Tuesday, April 18, 2006

Trainee Debriefing

Well, my class went very well! It certainly gave me lots of things to ponder. First, how involved with Sisterlocks as a business do I want to become? My primary reason for taking the class was curiosity, but as the class approached and definitely during, I became more intrigued by the opportunity it represented for entrepreneurship. I talked to a really, great woman about working in her salon...who knew? I have a lot to think about.
At first, I am going to proceed very slowly. I want to provide the same positive experience to Sisterlocks that I had. That means providing consistent, meticulous technique and a positive, professional environment. The first requires practice, the second some resources. For those who are patient, I am willing to start slowly--probably through personal references to provide Sisterlocks services by outcall. If you are in the DC or NYC area, send me a message and we can talk more about what that includes. Right now my goal is to work *very* closely with a small group of women that I can provide top-notch personal service rather than trying to build a huge volume of clients. I've noticed that when Sisterlocks come to an area, it catches on like wildfire! Which is great, but often it becomes difficult to find a provider.
At the risk of sounding like Debbie Downer--that Rachel Dratch character from Saturday Night Live-- I also saw some cautionary tales in the making during my class. As Sisterlocks expands as a business opportunity, those interested will have to become more savvy about who is in the marketplace. A few in the class did not understand or intend to honor that they were learning a trademarked system and agreeing to offer Sisterlocks as it was conveyed to them. I see that as an ethical issue, but for those who may unwittingly patronize these providers there is a great probability of frustration and confusion.
There *are* several locking techniques that one could utilize with great results, but Sisterlocks is a specific, unique technique that creates a particular outcome. If someone offers you a hodge-podge of shortcuts and modifications to Sisterlocks...well, you probably won't get what you thought you would. There is no getting around the fact that Sisterlocks are very time-intensive and exacting to install, but consider this...you only want to have it done once. So make sure it's done right and by someone who is concerned and knowledgeable about your outcome.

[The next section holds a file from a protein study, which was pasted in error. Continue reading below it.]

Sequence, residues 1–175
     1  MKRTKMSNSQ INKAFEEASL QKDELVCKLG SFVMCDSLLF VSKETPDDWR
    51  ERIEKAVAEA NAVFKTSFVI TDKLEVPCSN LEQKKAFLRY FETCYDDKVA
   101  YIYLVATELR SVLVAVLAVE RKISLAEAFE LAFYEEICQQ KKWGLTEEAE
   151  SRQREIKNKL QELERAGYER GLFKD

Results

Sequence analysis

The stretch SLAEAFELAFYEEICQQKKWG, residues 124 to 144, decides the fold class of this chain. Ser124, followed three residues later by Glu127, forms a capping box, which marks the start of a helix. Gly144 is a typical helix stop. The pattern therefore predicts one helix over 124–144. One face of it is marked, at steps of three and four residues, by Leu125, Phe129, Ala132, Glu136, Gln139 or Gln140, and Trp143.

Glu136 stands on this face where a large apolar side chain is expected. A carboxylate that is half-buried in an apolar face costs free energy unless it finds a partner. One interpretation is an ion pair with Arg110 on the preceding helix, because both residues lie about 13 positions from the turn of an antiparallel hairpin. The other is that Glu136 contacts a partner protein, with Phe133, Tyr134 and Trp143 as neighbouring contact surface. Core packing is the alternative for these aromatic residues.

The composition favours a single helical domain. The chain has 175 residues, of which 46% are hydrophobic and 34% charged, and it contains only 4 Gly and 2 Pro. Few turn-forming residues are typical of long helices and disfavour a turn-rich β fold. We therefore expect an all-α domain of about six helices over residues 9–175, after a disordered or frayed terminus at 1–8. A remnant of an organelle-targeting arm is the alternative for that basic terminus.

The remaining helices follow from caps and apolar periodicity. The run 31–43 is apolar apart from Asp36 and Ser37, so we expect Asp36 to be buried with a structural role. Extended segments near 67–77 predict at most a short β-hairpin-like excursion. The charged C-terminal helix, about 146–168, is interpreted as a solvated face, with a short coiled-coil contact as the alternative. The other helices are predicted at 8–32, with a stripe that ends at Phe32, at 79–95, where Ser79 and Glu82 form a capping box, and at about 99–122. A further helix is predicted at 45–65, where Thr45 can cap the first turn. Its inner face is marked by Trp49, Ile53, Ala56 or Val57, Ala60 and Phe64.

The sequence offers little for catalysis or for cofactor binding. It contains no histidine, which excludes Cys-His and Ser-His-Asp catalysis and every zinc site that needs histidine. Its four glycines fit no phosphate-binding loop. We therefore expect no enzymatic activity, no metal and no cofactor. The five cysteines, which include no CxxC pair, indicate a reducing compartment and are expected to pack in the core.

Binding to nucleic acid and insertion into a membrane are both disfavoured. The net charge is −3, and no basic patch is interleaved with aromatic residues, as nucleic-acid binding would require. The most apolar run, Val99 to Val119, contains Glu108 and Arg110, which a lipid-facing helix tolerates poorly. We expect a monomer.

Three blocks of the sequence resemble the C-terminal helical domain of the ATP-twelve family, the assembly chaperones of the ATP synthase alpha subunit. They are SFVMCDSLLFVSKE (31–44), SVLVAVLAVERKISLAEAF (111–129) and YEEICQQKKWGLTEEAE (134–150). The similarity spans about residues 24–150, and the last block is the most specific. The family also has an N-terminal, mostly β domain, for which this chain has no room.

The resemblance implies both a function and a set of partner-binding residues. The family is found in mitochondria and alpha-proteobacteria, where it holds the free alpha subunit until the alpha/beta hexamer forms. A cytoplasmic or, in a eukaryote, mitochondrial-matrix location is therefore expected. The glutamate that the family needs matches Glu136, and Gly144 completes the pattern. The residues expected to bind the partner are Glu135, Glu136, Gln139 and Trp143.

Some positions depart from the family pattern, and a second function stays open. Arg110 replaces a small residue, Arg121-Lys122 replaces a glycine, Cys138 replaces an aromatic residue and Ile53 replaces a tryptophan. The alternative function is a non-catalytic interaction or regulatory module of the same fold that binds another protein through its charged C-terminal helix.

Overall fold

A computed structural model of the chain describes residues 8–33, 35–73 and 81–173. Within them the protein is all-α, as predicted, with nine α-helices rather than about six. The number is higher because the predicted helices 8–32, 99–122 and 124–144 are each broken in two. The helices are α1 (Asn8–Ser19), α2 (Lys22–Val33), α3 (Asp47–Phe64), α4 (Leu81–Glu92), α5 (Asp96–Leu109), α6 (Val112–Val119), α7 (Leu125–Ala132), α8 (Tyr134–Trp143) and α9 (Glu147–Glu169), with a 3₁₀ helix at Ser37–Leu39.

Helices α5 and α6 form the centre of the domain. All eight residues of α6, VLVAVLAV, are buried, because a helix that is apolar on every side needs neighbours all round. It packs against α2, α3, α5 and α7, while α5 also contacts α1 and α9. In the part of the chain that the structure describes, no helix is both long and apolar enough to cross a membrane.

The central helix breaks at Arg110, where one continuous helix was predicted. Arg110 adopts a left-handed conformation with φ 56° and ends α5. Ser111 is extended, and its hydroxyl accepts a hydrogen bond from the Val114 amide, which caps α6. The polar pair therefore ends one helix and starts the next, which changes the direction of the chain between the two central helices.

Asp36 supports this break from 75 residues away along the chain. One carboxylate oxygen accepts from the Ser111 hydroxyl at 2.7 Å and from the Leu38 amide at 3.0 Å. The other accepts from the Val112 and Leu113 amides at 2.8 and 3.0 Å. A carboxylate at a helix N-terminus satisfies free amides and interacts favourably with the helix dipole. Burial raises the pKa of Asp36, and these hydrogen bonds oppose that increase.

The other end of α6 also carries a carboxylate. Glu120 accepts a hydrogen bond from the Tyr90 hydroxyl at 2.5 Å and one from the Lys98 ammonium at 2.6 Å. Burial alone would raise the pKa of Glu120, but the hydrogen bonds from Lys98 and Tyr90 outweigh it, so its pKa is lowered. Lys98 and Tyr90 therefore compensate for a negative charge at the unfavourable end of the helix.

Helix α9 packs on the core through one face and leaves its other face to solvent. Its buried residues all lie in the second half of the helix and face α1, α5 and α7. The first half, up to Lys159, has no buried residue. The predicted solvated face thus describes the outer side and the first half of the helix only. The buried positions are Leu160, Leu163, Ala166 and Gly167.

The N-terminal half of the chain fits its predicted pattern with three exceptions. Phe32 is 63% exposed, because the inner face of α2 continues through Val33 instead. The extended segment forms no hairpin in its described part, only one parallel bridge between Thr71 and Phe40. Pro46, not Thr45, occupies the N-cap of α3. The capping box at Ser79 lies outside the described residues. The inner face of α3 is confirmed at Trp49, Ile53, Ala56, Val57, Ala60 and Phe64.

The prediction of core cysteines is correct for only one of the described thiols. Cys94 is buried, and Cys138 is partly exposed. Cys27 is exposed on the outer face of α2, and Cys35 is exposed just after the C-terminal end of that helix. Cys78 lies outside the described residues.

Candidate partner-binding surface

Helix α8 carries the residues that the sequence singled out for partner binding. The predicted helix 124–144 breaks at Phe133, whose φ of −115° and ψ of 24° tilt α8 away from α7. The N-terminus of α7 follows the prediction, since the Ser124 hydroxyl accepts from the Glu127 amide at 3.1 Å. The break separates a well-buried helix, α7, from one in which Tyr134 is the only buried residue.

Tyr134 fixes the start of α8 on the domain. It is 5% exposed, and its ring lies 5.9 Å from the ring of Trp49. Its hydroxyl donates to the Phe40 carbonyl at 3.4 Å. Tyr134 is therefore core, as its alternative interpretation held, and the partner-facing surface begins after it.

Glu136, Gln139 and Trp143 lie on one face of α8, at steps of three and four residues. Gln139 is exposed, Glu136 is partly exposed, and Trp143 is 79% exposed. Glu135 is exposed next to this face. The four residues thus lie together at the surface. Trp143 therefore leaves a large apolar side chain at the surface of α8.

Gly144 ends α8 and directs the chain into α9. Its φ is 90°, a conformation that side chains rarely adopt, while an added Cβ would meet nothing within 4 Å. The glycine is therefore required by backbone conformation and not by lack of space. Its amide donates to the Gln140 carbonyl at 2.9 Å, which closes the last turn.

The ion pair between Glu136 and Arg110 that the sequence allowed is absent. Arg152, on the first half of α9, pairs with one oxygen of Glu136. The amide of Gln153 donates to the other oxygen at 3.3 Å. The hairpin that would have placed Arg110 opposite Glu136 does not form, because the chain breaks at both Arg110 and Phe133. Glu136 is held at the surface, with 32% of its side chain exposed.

5 comments:

Anonymous said...

Renea,

Ugh! I'm so excited about you taking this class, and being a thoughtful buinesswoman, but I must confess, my first instinct is to be a parade rainer and groan at the "trademarked system." The word is trademarked. Systems are not trademarked, they are patented, only this one isn't. So, the new new round of hairdressers are being misled again, even after the SL v. NL court decision!

Renea said...

I agree Anonymous, there is a difference between trademark and patent. This is why I describe it as a ethical issue.
And I am not a lawyer, but we are asked to sign what I assume is a binding agreement that we will not do certain things...blah, blah, blah. My concern is that there are many that are actively misleading those who are interested in Sisterlocks. Misleading them about what they as providers are trained or intending to do, misleading them about what the consequences of their modifications or misrepresentations will have for their locks. That may end up fodder for small claims courts across the land, but ethically I think it's wrong to say as a service provider that you are providing a particular 'trademarked' system when you are not.

Tra said...

Renea,

I think that your very first client will have indeed found a treasure in you as her consultant. You seem to be very conscientious and that is so necessary when this type of committment and investment are being made.
I look forward to watching you (via the internet) grow as a Sisterlock Consultant.

Tra

Tra said...

I have a question. I am "somewhat" interested in taking the consultant class but I am concerned that I would not be able to make the parts as straight as I would need to for them to be considered "bonafide" sisterlocks. Did you find that to be an issue for yourself or anyone else in the class? Did they work on this at all?
I don't make super straight parts now in my daugthers head so that is why I would be afraid to do someone else's hair at all.

Tra

Renea said...

Tra-
I am quite the type A person myself...smile. And I am not a trained cosmetologist, nor do I have a sweet little girl to practice on everyday. That said...They have repackaged the training course so that now you get hands-on practice with a mannequin. You may not think you are the world's best parter, but you are probably as good as you need to be to get started.

You'll practice on the mannequin...and when it comes to a real-live person, you'll be making large sections, then small ones. And after it's all said and done, the person's hair does grow in and their locks swell in...so it's not like it stays in that first phase where you can constantly see the scalp. The parting is more forgiving than you're worried about and if you part your daughter's hair, your aim is a lot better than you think!
Renea